With Earth Month upon us, we’re happy to report one small, incremental bit of progress in finance:
The Securities and Exchange Commission (SEC) will finally enforce ESG disclosure and begin requiring public companies to share their greenhouse gas pollution and climate risks.
Pressure Has Mounted – The SEC Finally Enforces ESG Disclosure
Back in a 2019 blog post we wrote about our key takeaways from three finance-focused climate events we attended.
The events had confirmed our understanding that ESG investing – that is, investing in funds that claim to prioritize environmental, social, and governance (ESG) factors – was subjective and, at best, financial industry “greenwashing.”
Reason: Up until now, the SEC has not required public companies to disclose any ESG metrics. Without metrics, ESG fund managers were forced to make subjective judgement calls about their fund’s holdings (note: unless explicitly stated, ESG funds rarely divested from any specific companies or asset classes). Despite this reality, fund companies marketed these funds as fuzzy, feel-good environmentally-socially-conscious investment solutions.
At the time, the SEC defended it’s position by claiming that ESG metrics were nonmaterial to shareholders/investors.
Since then, and considering that there is now over $40 trillion in assets globally invested in ESG funds, there has been significant pushback from nearly all corners of the investment world. Individual and institutional investors, state pension funds, endowments, and even sovereign wealth funds have all pushed for more ESG disclosure.
Why Do Investors Want More ESG Disclosure?
One possible answer is, for the same reason they want good consistent financial disclosure: They want to be able to understand how companies work, so that they can buy the good ones and avoid the risky ones.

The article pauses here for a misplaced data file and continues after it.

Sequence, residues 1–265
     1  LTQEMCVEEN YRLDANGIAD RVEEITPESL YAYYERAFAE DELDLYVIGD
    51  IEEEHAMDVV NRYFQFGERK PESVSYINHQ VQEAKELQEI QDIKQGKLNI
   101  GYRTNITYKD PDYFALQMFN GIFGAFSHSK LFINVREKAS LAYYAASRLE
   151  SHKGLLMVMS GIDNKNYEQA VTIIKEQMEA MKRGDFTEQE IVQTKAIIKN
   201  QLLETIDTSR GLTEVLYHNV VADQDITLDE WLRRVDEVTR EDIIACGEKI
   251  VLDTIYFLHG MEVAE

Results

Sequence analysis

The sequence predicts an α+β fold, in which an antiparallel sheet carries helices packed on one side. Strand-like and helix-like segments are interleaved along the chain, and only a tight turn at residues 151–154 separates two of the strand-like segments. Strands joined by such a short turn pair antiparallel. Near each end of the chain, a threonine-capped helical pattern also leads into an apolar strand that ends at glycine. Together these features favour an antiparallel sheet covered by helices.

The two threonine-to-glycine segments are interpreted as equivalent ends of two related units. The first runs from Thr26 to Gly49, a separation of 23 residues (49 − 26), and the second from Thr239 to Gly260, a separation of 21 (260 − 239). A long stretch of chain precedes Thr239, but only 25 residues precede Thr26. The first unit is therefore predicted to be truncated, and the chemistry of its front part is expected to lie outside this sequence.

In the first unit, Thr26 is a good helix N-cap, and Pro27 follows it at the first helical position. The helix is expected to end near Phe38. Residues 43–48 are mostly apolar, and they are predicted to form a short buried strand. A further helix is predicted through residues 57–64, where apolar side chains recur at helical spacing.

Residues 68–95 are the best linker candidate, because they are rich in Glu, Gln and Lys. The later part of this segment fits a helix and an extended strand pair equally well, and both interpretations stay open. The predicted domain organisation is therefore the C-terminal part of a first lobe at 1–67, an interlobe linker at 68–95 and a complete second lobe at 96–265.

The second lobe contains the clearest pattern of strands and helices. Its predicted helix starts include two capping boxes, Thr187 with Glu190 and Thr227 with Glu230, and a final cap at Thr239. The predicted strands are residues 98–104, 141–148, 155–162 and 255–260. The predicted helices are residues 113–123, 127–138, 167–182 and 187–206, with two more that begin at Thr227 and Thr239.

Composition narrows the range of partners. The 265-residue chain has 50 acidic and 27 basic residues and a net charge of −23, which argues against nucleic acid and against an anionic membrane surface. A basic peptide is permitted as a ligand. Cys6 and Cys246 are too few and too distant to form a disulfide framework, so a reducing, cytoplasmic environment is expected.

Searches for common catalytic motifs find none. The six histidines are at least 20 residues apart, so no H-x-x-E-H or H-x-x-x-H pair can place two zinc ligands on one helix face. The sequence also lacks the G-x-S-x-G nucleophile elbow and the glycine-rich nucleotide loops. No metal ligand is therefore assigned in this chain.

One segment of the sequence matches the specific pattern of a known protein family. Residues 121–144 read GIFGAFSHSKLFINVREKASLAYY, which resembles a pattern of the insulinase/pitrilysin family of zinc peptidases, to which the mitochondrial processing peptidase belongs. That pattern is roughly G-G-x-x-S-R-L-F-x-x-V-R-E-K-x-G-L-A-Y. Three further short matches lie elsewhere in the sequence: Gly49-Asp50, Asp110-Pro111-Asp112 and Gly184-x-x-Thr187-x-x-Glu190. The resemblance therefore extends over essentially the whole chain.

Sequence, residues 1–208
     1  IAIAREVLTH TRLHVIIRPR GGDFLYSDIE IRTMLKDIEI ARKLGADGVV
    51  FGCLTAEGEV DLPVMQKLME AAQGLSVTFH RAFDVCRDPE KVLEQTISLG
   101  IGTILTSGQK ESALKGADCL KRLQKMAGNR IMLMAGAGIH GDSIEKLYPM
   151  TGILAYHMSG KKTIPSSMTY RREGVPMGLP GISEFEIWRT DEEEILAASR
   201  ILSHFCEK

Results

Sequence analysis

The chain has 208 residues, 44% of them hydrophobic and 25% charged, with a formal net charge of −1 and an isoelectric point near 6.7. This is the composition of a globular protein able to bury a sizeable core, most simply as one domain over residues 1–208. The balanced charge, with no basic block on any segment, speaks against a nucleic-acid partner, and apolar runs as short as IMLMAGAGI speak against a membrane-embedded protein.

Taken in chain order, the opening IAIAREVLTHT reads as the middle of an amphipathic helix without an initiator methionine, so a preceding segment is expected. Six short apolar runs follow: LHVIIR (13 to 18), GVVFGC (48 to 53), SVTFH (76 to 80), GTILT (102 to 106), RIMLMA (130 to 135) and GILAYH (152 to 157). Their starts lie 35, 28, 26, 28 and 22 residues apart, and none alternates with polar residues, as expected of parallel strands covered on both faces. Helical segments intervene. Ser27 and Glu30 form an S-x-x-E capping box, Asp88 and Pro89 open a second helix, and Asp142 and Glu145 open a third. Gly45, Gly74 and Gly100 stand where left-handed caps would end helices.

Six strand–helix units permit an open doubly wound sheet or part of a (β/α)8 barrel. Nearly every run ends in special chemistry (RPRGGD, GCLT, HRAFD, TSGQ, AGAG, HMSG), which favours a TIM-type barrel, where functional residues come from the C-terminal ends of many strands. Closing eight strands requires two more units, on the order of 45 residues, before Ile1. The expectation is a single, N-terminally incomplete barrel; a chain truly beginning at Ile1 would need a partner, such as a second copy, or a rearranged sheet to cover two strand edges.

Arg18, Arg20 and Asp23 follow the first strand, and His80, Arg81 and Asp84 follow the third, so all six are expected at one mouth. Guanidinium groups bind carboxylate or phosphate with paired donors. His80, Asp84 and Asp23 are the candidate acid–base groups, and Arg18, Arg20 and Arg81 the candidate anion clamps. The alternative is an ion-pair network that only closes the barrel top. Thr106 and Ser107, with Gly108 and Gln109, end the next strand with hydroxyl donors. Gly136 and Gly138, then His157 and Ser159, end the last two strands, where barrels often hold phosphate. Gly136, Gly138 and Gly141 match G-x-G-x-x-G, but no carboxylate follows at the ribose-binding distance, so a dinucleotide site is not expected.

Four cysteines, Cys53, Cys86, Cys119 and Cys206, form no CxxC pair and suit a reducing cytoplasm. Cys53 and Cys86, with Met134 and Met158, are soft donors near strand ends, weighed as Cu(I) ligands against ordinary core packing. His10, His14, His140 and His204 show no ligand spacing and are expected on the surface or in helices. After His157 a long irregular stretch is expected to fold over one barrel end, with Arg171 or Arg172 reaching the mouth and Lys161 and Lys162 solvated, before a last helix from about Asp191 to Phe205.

And most of the SEC’s proposal is about that sort of thing: Climate risks can affect a company’s business and financial results, so investors need to understand those risks to understand the business.
In other words, an about-face:
Emissions + climate risks = material information for shareholders/investors
This marks a major shift in how corporations must show they are dealing with climate change.
For the first time ever, the SEC finally enforces ESG and plans to require businesses to outline the risks a warming planet poses to their operations. In fact, some large companies will have to provide information on emissions they don’t make themselves, but come from other firms in their supply chain.
The rules will require companies to:
- describe what climate-related risks they face and how they manage those risks
- disclose, if applicable, a “transition plan” to adapt to a warming world, or whether they “use scenario analysis to assess the resilience of their business strategy to climate-related risks,”
- disclose and quantify the use of carbon offsets
- disclose how their financials are affected by climate risk
In essence, the SEC is proposing a complex accounting regime for ESG, a legally approved set of Generally Accepted Climate Principles, with its own body of technical standards and its own set of climate attestation professionals.
While we’re optimistic that these new disclosure requirements will improve ESG investing, do note that it will take time. Implementation will take place between fiscal year 2023 and 2026 (depending on the size of company).
While increased disclosure of public companies is good, the UN’s Intergovernmental Panel on Climate Change’s (IPCC) latest climate report suggested that ESG investing “does not yield meaningful social or environmental outcomes.”
Instead, the report cited, in order to avert the increasingly likely scenario of catastrophic global warming, the world needs stronger government policy and enhanced regulation.
Happy Earth Month.
How will you do your small part to honor Mother Earth this year?
Let us know!